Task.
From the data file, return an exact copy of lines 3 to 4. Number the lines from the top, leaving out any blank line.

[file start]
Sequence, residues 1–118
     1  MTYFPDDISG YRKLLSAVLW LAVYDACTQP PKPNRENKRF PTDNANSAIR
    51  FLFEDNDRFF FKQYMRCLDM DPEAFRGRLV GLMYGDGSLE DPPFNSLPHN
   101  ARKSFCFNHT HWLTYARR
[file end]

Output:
    51  FLFEDNDRFF FKQYMRCLDM DPEAFRGRLV GLMYGDGSLE DPPFNSLPHN
   101  ARKSFCFNHT HWLTYARR